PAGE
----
most disadvantage groups.
He has often been filmed leading officials, farmers and
many diverse groups up rough mountain trails, over bridges, punting along in
small sampans, to initiate sustainable projects and ideas, aimed at helping
the many who have been forgotten or left behind in the development process.
His Majesty’s insightful approach to local prevailing
conditions has enabled him to improvise new theories for agricultural
development, to provide guidelines for educating farmers on
self-sufficiency, and to solve problems of goitre by feeing iodine into salt
roads at strategic points.
In all these initiatives, His Majesty has promoted a
simple approach using environmentally-friendly techniques and utilizing
moderate amounts of locally available resources. For example, before
environmentalism became a major force in the development equation, His
Majesty was using vetiver grass to prevent erosion, controlling ground water
levels to reduce soil acidity, and seeding clouds with simple materials such
as dry ice, to produce rain.
A simple - yet holistic - approach
His Majesty works on a nation-wide basis, not just in
rural Thailand, but all over the Kingdom. Among his most significant
contributions have been bringing different people and agencies together to
work more cooperatively than previously on urban problems. He has
coordinated activities between different interest groups and agencies in
Bangkok to deal with water purity and flood control in simple, natural ways.
The King’s lifetime dedication to natural development
as a means of improving the lives of his people inspired the Royal
Development Projects Board to make better known the vast range of the Royal
Projects, especially to the more marginalized echelons of society who are
the ultimate beneficiaries of the King’s wisdom.
Ultimately, the Department of Technical and Economic
Cooperation and the United Nations Development Programme (UNDP) joined
forces to help further the Royal initiatives. For some 50 years, these two
organizations have focused attention on His Majesty’s devotion to
sustainable social progress, better standards of living, as well as unity in
development and the quest for peace and security.
The UNDP, particularly, as the world’s largest source
of technical assistance aid, has been actively supporting many of the
King’s initiatives, benefiting from his example and joining his efforts to
improve human capacity, sustain livelihoods and, especially, to help
regenerate the environment.
Nevertheless, the King’s philosophy to development
problems has been to “keep it simple” - relying on an intimate knowledge
of nature and her immutable law, such as using fresh water to flush out
polluted water or dilute it through utilization of normal tidal
fluctuations. The ubiquitous water hyacinth, too, can be ‘harnessed’ to
The results of any development, the King asserts, must
reach the people directly, as a means of overcoming immediate problems,
translating into “enough to live, enough to eat”, while looking at a
longer-term result of “living well and eating well.”
His Majesty compares this to using “adharma” (evil)
to fight evil, observing that both pollution and the water weed are a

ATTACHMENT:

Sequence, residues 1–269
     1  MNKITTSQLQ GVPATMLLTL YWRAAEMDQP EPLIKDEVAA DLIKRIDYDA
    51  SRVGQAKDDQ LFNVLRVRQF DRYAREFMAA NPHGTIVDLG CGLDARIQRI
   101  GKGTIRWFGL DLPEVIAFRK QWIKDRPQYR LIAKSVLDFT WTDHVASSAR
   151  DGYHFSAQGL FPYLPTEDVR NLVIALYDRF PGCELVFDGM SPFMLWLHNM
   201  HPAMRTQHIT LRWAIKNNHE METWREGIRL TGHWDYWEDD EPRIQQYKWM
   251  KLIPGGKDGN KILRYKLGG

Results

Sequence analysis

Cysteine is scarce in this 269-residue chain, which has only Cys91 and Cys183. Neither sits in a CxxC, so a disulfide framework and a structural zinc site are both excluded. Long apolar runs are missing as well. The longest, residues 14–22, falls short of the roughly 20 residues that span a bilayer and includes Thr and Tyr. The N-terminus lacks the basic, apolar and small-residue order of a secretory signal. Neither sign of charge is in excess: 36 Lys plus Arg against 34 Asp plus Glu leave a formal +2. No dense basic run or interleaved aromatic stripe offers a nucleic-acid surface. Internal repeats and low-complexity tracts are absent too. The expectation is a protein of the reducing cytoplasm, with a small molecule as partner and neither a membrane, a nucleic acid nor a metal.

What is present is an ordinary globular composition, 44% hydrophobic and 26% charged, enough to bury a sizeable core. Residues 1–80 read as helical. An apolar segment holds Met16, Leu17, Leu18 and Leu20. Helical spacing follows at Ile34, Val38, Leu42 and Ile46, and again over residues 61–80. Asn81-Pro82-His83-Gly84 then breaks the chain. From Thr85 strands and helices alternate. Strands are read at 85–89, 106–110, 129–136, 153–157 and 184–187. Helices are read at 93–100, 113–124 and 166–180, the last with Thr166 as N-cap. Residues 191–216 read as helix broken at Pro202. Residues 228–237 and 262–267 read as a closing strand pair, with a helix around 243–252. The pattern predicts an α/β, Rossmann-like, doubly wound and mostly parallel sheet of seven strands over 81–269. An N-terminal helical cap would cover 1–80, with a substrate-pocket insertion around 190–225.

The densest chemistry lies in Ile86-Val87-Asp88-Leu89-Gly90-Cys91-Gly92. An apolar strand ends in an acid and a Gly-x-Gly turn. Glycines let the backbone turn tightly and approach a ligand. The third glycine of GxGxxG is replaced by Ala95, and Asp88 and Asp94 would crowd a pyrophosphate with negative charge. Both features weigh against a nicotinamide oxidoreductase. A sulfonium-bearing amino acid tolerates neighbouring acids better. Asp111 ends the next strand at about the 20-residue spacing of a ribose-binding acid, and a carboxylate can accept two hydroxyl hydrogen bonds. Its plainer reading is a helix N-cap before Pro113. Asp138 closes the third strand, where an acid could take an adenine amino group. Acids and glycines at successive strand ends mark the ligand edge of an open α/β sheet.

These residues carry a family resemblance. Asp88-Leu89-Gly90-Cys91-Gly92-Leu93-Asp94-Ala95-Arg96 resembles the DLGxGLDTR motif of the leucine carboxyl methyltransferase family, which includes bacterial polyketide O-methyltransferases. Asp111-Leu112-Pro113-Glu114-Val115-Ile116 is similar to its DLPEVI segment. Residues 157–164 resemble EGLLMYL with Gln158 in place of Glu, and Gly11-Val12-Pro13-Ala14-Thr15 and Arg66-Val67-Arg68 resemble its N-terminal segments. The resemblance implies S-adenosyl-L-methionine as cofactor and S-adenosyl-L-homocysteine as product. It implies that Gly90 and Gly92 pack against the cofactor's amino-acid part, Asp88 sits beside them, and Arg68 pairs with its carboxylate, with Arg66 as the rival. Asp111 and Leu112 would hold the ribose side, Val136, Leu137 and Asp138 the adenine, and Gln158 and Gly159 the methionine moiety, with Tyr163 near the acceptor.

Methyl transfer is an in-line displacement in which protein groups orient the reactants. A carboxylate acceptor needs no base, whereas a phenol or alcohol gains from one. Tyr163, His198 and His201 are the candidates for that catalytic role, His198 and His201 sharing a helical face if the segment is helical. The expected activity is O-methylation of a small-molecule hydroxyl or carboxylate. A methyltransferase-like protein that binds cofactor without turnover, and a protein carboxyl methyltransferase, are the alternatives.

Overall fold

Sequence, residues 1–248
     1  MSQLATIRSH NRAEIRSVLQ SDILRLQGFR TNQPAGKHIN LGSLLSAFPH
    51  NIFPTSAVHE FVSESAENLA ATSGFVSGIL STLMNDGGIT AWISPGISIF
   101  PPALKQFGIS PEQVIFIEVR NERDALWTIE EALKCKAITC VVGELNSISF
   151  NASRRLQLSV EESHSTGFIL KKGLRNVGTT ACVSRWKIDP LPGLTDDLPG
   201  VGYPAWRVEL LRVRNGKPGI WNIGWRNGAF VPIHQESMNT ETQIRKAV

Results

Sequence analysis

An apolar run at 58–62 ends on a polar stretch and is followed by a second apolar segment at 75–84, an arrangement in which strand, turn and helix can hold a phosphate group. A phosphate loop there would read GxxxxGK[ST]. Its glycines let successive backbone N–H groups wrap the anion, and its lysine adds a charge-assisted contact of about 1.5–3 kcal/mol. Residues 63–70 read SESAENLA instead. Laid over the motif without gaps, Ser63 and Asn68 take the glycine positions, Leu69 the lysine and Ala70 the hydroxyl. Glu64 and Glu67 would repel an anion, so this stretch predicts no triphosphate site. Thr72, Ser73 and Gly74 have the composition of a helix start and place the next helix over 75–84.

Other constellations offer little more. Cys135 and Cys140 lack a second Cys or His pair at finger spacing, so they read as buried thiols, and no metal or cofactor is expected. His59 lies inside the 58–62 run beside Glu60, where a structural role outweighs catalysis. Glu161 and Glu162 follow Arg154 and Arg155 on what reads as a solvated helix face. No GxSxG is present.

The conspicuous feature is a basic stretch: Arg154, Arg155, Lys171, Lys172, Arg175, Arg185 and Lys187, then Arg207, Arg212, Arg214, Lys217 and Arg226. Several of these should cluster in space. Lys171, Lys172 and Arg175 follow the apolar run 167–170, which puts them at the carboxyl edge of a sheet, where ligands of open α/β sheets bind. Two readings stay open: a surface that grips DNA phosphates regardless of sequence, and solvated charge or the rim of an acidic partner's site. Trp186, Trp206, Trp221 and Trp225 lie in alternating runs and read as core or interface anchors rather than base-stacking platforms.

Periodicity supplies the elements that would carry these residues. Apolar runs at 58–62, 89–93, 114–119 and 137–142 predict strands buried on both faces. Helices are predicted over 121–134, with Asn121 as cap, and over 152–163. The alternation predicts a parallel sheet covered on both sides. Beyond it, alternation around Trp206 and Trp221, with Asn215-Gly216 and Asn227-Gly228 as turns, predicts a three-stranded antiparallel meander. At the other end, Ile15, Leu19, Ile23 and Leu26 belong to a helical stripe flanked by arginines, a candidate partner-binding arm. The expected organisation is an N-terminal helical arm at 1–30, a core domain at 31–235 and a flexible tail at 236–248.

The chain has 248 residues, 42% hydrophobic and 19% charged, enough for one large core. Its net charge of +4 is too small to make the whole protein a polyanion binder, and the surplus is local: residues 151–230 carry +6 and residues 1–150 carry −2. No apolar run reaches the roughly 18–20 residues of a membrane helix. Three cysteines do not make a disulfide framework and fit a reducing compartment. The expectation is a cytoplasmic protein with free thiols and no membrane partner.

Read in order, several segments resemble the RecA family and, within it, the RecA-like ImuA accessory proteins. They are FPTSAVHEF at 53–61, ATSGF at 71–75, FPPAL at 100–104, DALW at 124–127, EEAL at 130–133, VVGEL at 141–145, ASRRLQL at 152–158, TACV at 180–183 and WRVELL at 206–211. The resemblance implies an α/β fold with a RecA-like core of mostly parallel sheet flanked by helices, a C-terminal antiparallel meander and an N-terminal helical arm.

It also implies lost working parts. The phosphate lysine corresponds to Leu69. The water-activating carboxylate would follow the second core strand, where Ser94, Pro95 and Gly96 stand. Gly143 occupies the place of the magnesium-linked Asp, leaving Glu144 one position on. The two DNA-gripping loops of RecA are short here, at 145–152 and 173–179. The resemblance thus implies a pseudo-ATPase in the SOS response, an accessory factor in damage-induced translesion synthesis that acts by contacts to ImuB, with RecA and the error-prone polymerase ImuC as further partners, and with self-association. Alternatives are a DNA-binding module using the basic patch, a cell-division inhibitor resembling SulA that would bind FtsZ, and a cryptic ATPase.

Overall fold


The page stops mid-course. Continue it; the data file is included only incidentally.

menace, but they can be used to counteract each other, thus lessening the
damage to the environment.
The King himself practices this “simple approach” and
brings a down-to-earth approach to which the people can readily relate. He
studies and deliberates exhaustively on the particular project and then
reveals his thinking in short, easy-to-grasp titles. The very simplicity
belies the profundity of the philosophy, for each title reflects a much
deeper insight into a given problem and often, at the same time, hints at
the mode of operation to be employed.
The Royal Development Projects Board, under the Office of
the Prime Minister, also serves as the secretariat for the Chai Pattana
Foundation which is directly responsible for the work related to the Royal
Now, more than three decades later, the results can be
seen in the new life which has come to many of the mountain villages.
Greenery has returned to once-denuded forest areas and barren hills and the
opium cultivation, a cause of extreme national concern, is virtually a past
“The key to the success of the Project lies in His
Majesty’s guidelines,” explains Royal Projects Director HSH Prince
Bhisadej Rajani. “They focus on obtaining knowledge, through research,
avoiding bureaucratic entanglements and swift action to respond to the
villagers’ needs, while promoting self-reliance,” he adds.
The effectiveness of this approach has been applauded
internationally. For example, in 1998 the Royal Projects won both the
“Magsaysay Award for International Understanding” and the “Thai Expo
Award” for attaining the highest quality standards of Thai Goods for
The King’s own views are that development must respect
different regions’ geography and peoples’ way of life. “We cannot
impose our ideas on the people - only suggest. We must meet them, ascertain
their needs and then propose what can be done to meet their expectations,”
the King pointed out recently.
The King’s ideas are in direct contrast to the
bureaucracy’s wish to impose standards from the top down, with the
inflexibility inherent therein. “Don’t be glued to the textbook,” he
admonishes developers “who,” he said, “must compromise and come to
terms with the natural and social environment of the community.”
The ‘Complete’ Sportsman
Inaugurated seventeen years ago to honour His Majesty the